Colorado delegation split 4-3 on debt-ceiling deal

By David O. Williams
Real AspenAugust 1, 2011

Colorado’s congressional delegation split 4-3 tonight as the U.S. House voted 269-161 to pass a debt ceiling deal that’s expected to win approval in the Senate on Tuesday.

Democrat Diana DeGette joined Republicans Doug Lamborn and Scott Tipton in voting no on the measure, while Democrats Jared Polis and Ed Perlmutter voted for the deal along with Republicans Mike Coffman and Cory Gardner.

“Here we are at the 11th hour, with a gun to our head, being asked to accept an extreme, unbalanced proposal that places too great a burden on the middle class while failing to ask for any shared sacrifice from corporations and the nation’s wealthiest,” DeGette said in a prepared statement. “Frankly, after months of what of could have been productive negotiations to develop a balanced economic path for our country, I resent being forced into this choice.”

U.S. Rep. Diana DeGette

Perlmutter, however, said it was matter of not letting America default on its financial obligations by the Tuesday deadline.

“Our nation pays its bills,” Perlmutter said in a release. “This bill preserves the full faith and credit of the United States without sacrificing what makes our country special. American families can’t endure any more chaos on this issue, and we must move on. I’m not happy with every part of this bill, but it would be entirely irresponsible to destroy our economy because each of us can’t get 100 percent of our demands.”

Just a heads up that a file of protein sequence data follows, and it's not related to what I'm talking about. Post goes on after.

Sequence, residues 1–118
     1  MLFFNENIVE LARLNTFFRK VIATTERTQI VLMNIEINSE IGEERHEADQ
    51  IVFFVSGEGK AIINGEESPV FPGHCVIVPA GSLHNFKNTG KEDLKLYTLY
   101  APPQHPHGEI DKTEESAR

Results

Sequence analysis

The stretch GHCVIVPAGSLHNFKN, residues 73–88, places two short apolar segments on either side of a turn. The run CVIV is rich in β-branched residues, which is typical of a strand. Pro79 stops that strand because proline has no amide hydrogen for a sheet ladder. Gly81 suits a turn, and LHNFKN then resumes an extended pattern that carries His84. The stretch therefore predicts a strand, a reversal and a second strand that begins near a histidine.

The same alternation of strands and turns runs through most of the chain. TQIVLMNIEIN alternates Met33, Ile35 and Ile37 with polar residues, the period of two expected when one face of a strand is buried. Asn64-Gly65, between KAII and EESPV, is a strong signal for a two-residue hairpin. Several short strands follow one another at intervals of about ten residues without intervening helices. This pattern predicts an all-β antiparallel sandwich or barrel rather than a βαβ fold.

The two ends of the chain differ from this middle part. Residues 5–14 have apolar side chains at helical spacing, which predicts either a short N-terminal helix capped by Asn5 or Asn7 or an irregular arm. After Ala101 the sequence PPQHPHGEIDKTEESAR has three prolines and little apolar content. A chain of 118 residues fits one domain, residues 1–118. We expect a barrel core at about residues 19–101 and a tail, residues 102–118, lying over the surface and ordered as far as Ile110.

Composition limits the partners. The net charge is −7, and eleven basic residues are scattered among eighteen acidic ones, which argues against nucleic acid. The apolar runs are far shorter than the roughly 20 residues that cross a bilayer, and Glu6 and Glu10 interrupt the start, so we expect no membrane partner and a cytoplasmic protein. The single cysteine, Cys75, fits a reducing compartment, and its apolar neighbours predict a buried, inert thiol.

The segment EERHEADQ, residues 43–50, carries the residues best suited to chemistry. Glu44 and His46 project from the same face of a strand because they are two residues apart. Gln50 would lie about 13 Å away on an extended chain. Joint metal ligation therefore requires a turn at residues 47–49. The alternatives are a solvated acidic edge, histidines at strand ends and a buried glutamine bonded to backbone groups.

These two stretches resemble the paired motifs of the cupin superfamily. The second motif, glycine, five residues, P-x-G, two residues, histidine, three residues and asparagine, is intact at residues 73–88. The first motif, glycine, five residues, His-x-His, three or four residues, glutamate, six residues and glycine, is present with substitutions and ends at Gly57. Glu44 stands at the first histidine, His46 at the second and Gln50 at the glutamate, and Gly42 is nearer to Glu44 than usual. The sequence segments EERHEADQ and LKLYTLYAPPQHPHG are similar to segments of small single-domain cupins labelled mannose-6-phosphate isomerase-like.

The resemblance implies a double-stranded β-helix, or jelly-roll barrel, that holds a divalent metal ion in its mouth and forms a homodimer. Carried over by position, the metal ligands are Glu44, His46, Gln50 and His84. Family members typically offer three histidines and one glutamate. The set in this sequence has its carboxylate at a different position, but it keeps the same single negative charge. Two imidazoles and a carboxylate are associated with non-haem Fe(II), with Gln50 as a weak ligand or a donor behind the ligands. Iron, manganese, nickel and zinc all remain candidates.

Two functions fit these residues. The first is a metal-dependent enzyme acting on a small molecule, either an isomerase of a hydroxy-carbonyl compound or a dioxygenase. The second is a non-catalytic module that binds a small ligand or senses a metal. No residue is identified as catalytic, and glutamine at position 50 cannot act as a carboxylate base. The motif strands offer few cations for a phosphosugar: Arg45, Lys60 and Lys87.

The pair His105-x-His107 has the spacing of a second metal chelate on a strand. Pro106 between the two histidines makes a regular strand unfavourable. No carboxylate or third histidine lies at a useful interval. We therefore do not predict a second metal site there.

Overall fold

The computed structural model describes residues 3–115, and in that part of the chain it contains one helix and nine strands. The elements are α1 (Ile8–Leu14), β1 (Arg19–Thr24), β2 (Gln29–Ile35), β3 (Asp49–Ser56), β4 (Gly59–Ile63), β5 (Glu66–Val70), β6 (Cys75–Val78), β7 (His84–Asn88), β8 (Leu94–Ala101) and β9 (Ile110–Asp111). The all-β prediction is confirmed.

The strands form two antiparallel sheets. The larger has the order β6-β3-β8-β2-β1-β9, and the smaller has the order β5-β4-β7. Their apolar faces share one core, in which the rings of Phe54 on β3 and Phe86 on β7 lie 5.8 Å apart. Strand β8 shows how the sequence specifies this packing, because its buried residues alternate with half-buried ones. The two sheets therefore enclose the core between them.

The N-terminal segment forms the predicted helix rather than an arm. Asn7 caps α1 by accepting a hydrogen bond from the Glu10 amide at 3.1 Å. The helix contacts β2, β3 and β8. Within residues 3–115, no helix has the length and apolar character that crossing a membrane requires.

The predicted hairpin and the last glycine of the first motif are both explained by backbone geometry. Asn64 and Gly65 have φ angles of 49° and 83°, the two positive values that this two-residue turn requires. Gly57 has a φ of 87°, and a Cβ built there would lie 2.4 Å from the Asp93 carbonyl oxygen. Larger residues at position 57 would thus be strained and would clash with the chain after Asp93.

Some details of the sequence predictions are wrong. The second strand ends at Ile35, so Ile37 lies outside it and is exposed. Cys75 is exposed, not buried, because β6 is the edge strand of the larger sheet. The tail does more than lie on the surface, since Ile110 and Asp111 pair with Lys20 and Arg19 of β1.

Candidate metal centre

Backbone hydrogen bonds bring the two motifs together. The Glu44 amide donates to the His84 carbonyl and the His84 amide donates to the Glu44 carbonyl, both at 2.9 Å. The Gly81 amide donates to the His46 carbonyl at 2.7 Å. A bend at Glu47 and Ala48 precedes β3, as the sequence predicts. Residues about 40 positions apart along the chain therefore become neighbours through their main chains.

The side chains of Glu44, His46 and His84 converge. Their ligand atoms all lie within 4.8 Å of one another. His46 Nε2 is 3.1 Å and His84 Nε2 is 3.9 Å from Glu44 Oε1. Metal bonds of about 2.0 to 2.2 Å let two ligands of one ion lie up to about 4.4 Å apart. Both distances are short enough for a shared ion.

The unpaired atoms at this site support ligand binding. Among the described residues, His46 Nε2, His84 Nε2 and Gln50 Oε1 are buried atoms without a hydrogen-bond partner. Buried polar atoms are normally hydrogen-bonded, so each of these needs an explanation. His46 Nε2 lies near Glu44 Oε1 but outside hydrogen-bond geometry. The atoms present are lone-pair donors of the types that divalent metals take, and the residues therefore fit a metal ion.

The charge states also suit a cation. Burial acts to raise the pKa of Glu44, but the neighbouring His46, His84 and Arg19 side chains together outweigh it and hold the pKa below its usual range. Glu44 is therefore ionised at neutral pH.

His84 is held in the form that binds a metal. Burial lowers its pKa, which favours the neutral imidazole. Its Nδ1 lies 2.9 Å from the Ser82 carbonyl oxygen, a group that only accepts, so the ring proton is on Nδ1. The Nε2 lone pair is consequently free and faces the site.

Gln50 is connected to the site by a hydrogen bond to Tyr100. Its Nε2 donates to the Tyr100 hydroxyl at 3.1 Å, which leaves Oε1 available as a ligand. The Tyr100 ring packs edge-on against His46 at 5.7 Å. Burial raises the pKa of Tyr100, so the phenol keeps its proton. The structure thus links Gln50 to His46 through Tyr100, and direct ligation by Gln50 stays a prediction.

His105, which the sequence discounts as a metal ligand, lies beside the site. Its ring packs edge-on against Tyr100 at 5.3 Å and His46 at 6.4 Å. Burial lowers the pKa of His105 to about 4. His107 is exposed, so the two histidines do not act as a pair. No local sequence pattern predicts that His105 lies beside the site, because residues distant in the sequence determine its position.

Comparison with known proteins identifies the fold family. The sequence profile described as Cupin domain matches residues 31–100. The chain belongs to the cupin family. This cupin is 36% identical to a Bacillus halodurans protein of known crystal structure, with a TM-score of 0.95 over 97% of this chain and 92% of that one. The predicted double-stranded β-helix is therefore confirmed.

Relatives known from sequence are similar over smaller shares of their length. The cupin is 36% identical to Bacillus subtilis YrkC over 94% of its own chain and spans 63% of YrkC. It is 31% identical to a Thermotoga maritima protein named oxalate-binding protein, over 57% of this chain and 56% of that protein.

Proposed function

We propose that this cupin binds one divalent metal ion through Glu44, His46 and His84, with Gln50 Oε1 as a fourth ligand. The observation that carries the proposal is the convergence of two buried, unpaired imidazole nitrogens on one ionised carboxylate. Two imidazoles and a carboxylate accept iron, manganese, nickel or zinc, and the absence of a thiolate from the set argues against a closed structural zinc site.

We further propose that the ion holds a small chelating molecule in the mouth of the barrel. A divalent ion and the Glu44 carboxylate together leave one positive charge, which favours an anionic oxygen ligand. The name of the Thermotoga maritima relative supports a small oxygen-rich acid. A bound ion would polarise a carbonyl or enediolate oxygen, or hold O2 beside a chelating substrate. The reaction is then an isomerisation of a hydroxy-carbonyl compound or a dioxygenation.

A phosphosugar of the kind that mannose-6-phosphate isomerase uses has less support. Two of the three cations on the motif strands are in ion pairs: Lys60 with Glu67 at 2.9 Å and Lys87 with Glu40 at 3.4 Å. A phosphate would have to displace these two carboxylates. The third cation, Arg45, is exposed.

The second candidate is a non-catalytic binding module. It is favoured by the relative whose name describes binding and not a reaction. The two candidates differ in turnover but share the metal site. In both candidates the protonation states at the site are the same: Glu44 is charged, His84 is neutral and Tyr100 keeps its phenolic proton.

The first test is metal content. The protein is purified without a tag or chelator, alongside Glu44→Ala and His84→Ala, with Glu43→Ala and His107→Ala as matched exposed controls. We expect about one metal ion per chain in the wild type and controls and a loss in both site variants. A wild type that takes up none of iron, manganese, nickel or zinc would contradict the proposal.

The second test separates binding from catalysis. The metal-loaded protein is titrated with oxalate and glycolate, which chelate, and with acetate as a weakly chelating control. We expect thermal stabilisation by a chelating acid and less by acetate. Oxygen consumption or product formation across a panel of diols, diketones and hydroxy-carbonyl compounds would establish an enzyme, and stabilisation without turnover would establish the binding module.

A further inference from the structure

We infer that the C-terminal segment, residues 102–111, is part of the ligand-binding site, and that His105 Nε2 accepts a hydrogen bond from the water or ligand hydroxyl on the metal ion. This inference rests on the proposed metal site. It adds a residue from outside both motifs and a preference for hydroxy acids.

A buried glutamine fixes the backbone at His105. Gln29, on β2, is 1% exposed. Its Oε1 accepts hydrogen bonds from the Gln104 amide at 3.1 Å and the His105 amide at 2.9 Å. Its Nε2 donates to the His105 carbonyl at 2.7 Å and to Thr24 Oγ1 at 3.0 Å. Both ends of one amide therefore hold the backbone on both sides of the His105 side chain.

Coffman, a veteran, made a military analogy.

U.S. Rep. Jared Polis

“As a Marine Corps combat veteran, I see this agreement today as little more than establishing a beachhead in what will be a long and difficult campaign to defeat deficit spending, pass a balanced budget amendment, and to pay down the national debt,” Coffman said.

“The agreement doesn’t solve every fiscal challenge but it does move us in the right direction and it is a victory for conservatives because it reduces deficit spending without increasing taxes. By promoting spending discipline we will help the economy grow and create jobs.”

DeGette rejected the bill primarily because of the lack of tax increases for the wealthiest Americans.

“Our nation is still in crisis, and the American people deserve a balanced solution, with reasonable cuts to spending – like agricultural and ethanol subsidies, combined with common-sense revenue enhancements – like closing tax loopholes for corporations and the ultra-rich,” she said.

U.S. Rep. Scott Tipton

Tipton, a Tea Party freshman, said the bill simply didn’t cut deeply enough.

“I appreciate all of the efforts [House] Speaker {John] Boehner has made on behalf of our country, but the bill simply does not reflect what is necessary to get our fiscal house back in order,” he said. “I cannot authorize a record $2.4 trillion in additional deficit spending without taking larger steps to fixing the underlying problem.”

Rep. Gabrielle Giffords, D-Ariz., shot by a gunman in Tucson earlier this year, made an inspirational appearance on the House floor to vote for the bill.


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